Staff Review and Development Scheme
1: There is one agreed scheme, with no local variations
Most importantly there is only one Scheme – there should be no local variations or reinterpretations. The scheme is not a green light for rampant managerialism across the institution. Its mechanism is underpinned by the national Framework Agreement, local agreement and additional national guidance. This is paramount as the negotiations around SRDS were clouded by the accidental release of a senior management paper describing the institution’s real motives for the scheme, which we were then at considerable pains to bring back into the spirit of the national agreement. You will notice that the words ‘performance management’ and ‘appraisal’ are not used within the Scheme and this is no accident. The SRDS is entirely separate from procedures relating to capability or poor performance and records are not to be used in disciplinary procedures. It is intended to be a supportive and developmental exercise, a ‘joint professional task between reviewer and reviewee’.
SRDS will be essential in the operation of the new promotions arrangements to ensure that role development occurs appropriately within the grade. It is the responsibility of the Reviewer to flag to the Head of unit if this is not the case and appropriate development opportunities must then be prioritised. The Reviewer will also give guidance on readiness for promotion but it should be clear that the review is quite separate from the role analysis process itself, albeit that an agreed summary from an SRDS record may be used positively in support of a promotion application.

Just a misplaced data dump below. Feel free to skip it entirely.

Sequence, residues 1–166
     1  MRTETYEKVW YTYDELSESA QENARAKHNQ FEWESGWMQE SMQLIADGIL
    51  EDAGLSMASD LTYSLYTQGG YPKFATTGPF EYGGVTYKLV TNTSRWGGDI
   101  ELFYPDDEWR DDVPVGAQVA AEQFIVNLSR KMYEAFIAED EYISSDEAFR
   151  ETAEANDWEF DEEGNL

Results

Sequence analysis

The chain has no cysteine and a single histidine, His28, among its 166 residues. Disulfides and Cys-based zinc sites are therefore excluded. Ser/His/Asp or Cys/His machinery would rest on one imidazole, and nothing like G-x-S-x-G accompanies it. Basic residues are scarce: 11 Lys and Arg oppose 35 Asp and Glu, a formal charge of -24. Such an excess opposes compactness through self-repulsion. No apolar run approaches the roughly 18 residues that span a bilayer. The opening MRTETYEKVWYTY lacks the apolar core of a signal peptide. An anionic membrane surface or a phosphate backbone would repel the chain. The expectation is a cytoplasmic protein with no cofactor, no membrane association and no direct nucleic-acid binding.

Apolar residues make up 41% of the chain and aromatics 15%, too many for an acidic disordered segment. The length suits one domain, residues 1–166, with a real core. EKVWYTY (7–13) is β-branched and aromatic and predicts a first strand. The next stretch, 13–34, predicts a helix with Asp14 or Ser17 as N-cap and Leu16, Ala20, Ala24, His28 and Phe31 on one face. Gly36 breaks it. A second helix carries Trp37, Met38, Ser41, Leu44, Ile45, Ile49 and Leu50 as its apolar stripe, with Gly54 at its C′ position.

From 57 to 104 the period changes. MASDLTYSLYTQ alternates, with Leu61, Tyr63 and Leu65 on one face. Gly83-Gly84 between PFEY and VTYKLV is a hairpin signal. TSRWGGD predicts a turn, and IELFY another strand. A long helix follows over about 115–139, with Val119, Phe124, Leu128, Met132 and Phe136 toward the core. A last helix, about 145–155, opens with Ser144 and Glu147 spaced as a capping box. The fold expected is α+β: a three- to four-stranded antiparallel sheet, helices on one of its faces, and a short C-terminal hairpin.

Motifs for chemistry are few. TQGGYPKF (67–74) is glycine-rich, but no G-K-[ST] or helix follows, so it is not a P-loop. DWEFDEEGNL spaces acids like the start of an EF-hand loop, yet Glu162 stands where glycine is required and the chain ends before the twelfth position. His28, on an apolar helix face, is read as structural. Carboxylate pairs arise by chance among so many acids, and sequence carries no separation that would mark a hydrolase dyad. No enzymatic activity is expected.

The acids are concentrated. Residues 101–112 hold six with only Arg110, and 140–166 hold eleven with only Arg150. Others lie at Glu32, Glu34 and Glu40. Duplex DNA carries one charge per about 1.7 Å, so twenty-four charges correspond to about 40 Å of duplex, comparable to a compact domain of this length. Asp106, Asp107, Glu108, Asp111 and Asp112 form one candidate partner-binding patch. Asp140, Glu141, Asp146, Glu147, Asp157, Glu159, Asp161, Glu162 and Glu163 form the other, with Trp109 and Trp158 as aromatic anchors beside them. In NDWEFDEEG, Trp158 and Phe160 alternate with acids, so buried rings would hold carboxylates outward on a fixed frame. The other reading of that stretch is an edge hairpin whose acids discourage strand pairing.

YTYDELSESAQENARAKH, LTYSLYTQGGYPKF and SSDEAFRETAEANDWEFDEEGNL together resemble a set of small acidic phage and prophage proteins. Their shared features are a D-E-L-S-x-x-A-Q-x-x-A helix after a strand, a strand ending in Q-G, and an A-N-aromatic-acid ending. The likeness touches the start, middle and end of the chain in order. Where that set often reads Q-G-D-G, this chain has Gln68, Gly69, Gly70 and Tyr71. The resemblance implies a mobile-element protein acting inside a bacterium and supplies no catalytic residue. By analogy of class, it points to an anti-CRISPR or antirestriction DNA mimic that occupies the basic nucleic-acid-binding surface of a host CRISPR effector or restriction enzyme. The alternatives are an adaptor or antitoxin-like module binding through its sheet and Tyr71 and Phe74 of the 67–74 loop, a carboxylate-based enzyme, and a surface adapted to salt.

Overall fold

2: SRDS is separate from Pay
Secondly, the exercise is entirely separate from pay. The usual annual increments are the normal expectation regardless of any agreed performance objectives under the Scheme. Reviewers may make positive recommendations to a Head of unit regarding discretionary or additional salary increments but they have no further input to the process.
3: Reviewers should not be “imposed”
Thirdly, the School/Unit must establish a pool of reviewers, with due regard to diversity factors, and must also allow individuals to state a preference for an individual Reviewer (who may be a peer). Heads are required to take account of this preference. The intention is to avoid disputes and personality clashes from the outset. Some academic related staff may wish to be reviewed by ‘line managers’ but this is not a requirement, especially if there have been ‘issues’ between the parties in the past or if one individual is over-burdened with reviews. The selection for academics should be much wider than, for example, a nominated senior professor in a similar area acting in a management capacity. Similarly some researchers might express a preference to be reviewed by project PIs but others explicitly not.
4: The review process is confidential
Finally, the review paperwork is confidential to the two parties and the Head of unit and must remain so. Nobody should review or be reviewed who has not received training in the operation of the scheme.